My name is Chad, and I am addicted to fettucini alfredo.
It started in college, I would get Chicken Helper boxed dinners and make a quick meal. Later, I started getting the jars of alfredo sauce- but they tasted...bad. Finally, I found a recipe for alfredo sauce online, and began tweaking it and adding to it to make it my own. And while the amount of butter I use in my recipe will likely kill me someday- I never want to go back to boxed dinners.
I get the lure of boxed dinners- they are quick, low effort, and relatively cheap. They also use roughly one pan- so there is not much cleanup. My chicken alfredo recipe uses at least three pots and pans. It requires constant monitoring and sampling to make sure the flavor and texture is just right while the box dinner is 'perfectly' seasoned.
The truth is, in my life, I do not like the 'boxed dinner' approach. Some will say "why reinvent the wheel?" when a good program already exists. But I enjoy the design and building and flavoring that goes into making something new and fresh.
There is something about stepping back from a project that you created from scratch and feeling a sense of accomplishment- knowing that you built that. Following an existing program may get the job done, but the ownership is nor there.
LEADS, the student leadership program I developed with about a dozen fellow educators is an example of this. The program is a complete, from the ground up build. Nothing existed there before, and we used no pre-packaged programs to do it. At the same time, a great program has been started by our district at the high school level (LEADS is intermediate and middle) uses an existing, prepacked program. It is a great program, but I have very little interest in tying our program into that. One reason is that the voice LEADS has created is unique, it is its own thing. To link them would dilute that voice and the voice of the other program. I want LEADS to grow into a high school program organically and naturally and with our district's teachers fashioning it.
There is merit in the 'boxed dinner' approach. It is a great tool for new teachers or teachers who struggle on the innovation side. I used this style when my fourth prep was added this year- I simply lacked the time to develop a total class. So, I used what someone else gave me. But it was not long before I was innovating and adapting my content to fit my unique situation. Giving a common or shared curriculum is good for a start, but I believe a teacher must develop a unique voice. I fear that any move to standardize our instructional style will lead to a loss of individual voice.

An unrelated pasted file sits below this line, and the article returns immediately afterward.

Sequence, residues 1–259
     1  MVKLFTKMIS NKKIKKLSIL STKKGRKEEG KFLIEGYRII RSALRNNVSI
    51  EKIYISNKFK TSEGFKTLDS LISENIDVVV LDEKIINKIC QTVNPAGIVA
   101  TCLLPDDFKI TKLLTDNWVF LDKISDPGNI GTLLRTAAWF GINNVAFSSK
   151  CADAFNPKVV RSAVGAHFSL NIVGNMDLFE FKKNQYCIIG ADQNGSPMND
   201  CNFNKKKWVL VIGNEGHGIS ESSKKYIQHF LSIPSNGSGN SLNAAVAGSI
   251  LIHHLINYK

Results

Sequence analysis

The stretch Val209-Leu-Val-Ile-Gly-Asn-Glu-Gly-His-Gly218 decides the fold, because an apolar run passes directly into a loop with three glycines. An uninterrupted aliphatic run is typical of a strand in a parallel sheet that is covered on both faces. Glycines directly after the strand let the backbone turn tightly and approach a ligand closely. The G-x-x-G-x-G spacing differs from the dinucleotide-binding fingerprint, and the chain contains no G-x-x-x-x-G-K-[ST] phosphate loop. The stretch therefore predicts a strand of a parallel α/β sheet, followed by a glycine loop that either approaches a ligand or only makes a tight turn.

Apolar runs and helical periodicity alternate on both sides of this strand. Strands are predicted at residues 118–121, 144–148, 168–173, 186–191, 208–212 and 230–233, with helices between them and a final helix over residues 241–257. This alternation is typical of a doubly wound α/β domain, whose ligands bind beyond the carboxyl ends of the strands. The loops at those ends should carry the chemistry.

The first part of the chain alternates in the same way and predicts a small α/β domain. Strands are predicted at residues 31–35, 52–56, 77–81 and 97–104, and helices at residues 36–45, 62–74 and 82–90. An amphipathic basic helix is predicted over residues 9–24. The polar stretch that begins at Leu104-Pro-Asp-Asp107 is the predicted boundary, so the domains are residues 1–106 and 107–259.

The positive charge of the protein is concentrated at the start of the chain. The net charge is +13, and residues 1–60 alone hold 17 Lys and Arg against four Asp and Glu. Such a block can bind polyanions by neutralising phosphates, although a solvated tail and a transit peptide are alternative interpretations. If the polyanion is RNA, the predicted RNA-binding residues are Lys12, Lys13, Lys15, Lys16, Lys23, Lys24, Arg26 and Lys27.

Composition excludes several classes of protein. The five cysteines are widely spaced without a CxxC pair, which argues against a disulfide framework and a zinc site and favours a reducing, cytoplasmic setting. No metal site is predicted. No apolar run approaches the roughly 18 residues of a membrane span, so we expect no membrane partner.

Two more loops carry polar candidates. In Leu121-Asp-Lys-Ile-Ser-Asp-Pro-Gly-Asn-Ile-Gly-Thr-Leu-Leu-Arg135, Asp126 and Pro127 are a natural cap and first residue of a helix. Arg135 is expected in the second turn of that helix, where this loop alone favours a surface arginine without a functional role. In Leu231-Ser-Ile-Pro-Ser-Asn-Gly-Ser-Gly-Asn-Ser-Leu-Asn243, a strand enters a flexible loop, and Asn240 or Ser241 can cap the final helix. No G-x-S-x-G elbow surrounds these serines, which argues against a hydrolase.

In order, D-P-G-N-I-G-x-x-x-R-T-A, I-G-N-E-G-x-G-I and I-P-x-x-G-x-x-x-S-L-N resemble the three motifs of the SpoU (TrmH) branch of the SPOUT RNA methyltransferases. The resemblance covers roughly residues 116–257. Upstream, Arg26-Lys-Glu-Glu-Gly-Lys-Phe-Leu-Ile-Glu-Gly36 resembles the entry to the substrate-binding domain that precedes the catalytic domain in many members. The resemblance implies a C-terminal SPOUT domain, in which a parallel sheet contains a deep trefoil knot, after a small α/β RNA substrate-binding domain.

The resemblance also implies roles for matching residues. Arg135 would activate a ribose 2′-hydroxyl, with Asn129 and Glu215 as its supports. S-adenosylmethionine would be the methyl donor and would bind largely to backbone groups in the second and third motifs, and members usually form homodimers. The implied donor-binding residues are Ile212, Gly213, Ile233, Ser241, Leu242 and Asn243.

Imagine you are a gourmet chef. Even after a long day of cooking, would you crack open some Hamburger Helper? Yet when a teacher is told that they should stop doing cool stuff that another teacher is not- because it is creating a lack of equity, we are giving a chef a boxed dinner. For a chef, it is not about 'reinventing the wheel,' it is about exploring the possibilities freely.
If we are truly to prize innovation, should we use pre-packaged programs on our campuses and in our classrooms? If I say no- I am doing that which I loathe- standardizing a response. So in our school pantry, there must be room for Hamburger Helper lessons AND new wheel lessons. And our 'lesson in a box' teachers AND our 'reinvent the wheel' teachers all need to feel empowered to be the best they can be. And, I believe, both can be challenged from time to time to try the other way. It helps us be more well rounded- but it also helps us see education from the perspective of our friend and colleague down the hall.
Now, if you will excuse me, this extended food metaphor has made me very hungry.
I teach Psychology, Sociology, World History Honors and Debate at College Station High School, as well as coach the debate team, sponsor the TED Ed Club, and I am the Lead Innovator for LEADS CSISD (A student leadership empowerment program for 5th-8th graders). I am an aspiring administrator.